Story adapted loosely from a Persian folk tale:
The story concerns the Victorian, Yorkshire mill owner, Joshua Oldroyd, and his son, James.
Joshua owned a large woollen mill near Leeds. He wasn’t obscenely rich, but he would have agreed that he was very comfortable.
The business was the fruit of his hard work. It was also the result of the hard work of his mill hands, but he rarely thought of that, and never talked of it.
Like all rich men, he had had to struggle with his demons, just like the workers that fall asleep in his mill and fall into the machinery. And what made it especially difficult for him, was that his demons were complicated and sophisticated demons.
And he had all that responsibility. And all that risk.
James was learning the business, with a view to taking on the mill when his father decided to retire.
One day, James Oldroyd left the office to go to his tailor in town. His new suit was nearly ready, and the tailor required a final fitting, for a man like James Oldroyd was a valuable customer and no trouble should be spared.
James set off in the early afternoon, while his father was checking some figures.
But James came running back, sooner than expected, and in a dither of fright.
Joshua asked his son why he had come back so soon. What had happened?
James revealed that he had gone to the tailor’s, but had bumped into a man outside in the street, who had looked up at him with a strange look of recognition. James had recognised the face.
We all would have done. It was the face of Death.
Seeing the face of Death is not usually considered to be a good omen, even by hard-nosed manufacturers in the Heavy Woollen District. James was understandably very concerned. Very.
If Death was in the area, James didn’t want to stick around. You just never knew . . . There were too many things he wanted to do with the company to take unnecessary risks.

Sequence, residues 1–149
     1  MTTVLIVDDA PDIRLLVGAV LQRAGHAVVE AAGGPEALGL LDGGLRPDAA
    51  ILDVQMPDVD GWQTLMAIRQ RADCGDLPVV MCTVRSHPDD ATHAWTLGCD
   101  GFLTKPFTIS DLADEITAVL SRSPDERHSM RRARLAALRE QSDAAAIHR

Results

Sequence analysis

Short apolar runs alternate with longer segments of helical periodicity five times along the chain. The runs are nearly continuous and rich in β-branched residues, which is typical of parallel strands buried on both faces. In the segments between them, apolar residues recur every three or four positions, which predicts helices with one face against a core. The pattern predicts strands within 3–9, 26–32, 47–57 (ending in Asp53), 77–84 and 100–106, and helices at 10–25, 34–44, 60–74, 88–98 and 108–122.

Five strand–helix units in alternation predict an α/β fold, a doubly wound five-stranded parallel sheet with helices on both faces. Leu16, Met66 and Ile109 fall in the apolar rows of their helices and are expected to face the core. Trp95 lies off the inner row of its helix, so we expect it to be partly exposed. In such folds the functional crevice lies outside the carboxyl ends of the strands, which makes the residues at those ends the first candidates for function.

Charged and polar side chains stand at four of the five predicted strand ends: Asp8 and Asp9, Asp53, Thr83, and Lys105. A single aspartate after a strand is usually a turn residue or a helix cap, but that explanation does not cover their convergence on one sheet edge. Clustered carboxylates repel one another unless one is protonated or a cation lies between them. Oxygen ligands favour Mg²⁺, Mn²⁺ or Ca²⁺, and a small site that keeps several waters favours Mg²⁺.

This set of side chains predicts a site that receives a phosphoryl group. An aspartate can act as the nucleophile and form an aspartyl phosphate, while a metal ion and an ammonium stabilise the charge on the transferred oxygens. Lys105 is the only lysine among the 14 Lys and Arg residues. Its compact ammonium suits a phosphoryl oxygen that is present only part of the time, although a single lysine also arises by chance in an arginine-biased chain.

Joshua, his father, who thought this was all a lot of fuss about nothing, got the railway timetable from a clerk.
He pulled his heavy watch from his waistcoat pocket, and consulted it. The last train of the day to London would leave in twenty minutes. If James was that worried, he could run to the station and catch the express to London, and stay out of the way for a few days.
Oh, how James was relieved! He didn’t even pack a bag.
After James had gone, Joshua fell to thinking. He was an important man, with a factory that kept the town in work and money. He had a London Club, and his own demons to fight. How dare this fellow, Death, cause upset to his son and heir?
He brooded on this over a whisky, and then resolved to seek this Death chap and give him what for. After all, he was a man of action, and a man of action should be resolute and bold.
So, he put on his jacket, checked his pocket watch, and rushed to the tailor, where his son had seen Death.
There, leaning against the door of the tailor’s shop, was Death, casually sharpening his scythe. His clothes were tattered rags, and he had a long, scruffy white beard. We would, indeed, all have recognised him.
And so did Joshua, whose temper had not been improved by all this rushing around, and the unnecessary expense of a train ticket to London.
And, to add insult to injury, with clothes like that he was obviously poor.
Death turned to look at him, and tried to smile, although it is wearisome to smile when you have a skull for a face. When you are always the bringer of bad news, there isn’t much call for smiling, so his dry lips were a little out of practice.
Joshua was not in the mood for polite chit-chat, however. He lost no time in explaining to Death that he, Joshua Oldroyd, was a man of consequence in this town, and he didn’t take kindly to having his son upset by some strange look that Death had bestowed on him. Who did he think he was?
But, said Death, he had given James no strange look. “I was just surprised to see him here, that’s all,” he explained, “for I have an appointment with him in London this evening.”